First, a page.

Compliance is, unfortunately, not a set-it-and-forget-it affair. It isn’t something to be reactionary about either. Odds On Compliance Technical Director Michael Mignone discusses the importance of how to handle those changes and the importance of change management, its impact on the iGaming industry, the variance between markets, and the importance of correct implementation.
Change management in the United States is probably one of the most overlooked areas of development for sports betting and iCasino companies looking to launch in the U.S. However, ignoring change management can lead to severe delays in pushing out updates and can result in starting your relationship with the regulator on the wrong foot. The requirements surrounding change management can and do vary from market to market in terms of the classification of changes, what documentation needs to be retained, what changes constitute a need for additional lab testing, and what procedures must be followed for submission/approval of release notes. However, a decent amount of overlap will allow you to implement a change management protocol internally to help get release notes approved on time and stay on good terms with the regulator. This article will discuss, at a high level, when this plan should be developed, when it needs to be implemented, and some common overlaps that can assist in its design.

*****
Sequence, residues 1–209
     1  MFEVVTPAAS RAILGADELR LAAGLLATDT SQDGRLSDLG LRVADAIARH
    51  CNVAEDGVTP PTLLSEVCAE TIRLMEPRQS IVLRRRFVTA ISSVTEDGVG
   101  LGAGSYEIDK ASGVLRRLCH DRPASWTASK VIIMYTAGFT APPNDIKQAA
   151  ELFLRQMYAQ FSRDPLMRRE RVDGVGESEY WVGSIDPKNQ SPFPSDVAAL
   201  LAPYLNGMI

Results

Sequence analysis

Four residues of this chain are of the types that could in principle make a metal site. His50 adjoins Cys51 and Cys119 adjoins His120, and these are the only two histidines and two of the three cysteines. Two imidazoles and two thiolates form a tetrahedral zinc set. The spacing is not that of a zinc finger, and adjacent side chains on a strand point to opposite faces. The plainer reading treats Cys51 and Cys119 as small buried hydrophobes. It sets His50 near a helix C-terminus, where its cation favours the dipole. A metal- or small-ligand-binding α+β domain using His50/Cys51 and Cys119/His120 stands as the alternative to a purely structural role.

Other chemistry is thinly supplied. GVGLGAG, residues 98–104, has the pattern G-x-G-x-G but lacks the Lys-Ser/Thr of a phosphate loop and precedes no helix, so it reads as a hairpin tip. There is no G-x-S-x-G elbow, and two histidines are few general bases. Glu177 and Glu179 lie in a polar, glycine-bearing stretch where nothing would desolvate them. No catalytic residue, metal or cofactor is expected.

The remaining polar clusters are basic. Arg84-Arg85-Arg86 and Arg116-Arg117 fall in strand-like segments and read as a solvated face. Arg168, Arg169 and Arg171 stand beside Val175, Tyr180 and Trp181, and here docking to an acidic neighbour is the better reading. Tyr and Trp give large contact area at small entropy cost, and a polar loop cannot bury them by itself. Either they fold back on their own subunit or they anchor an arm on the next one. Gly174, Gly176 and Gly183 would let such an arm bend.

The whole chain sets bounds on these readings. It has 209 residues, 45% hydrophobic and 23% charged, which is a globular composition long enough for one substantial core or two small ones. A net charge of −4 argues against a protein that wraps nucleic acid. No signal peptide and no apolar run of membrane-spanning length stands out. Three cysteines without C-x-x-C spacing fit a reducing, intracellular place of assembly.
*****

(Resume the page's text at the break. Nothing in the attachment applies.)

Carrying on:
When does change management start?
Let’s assume your mobile apps, website, back-end, and third-party integrations are ready to go, you have your lab certification, and you are ready to go live in the US market. At this point, you are on the cusp of putting your change management plan into action, but until you are live, you should consider your platform frozen for all intents and purposes. When you receive your lab certification report, there will be a list of components on the report with a corresponding signature; these are your controlled or tracked components. Most markets want to see that the signatures for these components match what is listed on the certification report before you get the “go-ahead” to start accepting wagers. It is precisely after this validation that your change management plan is now in motion. Any planned changes will have to be evaluated against your plan to determine the action needed to move forward.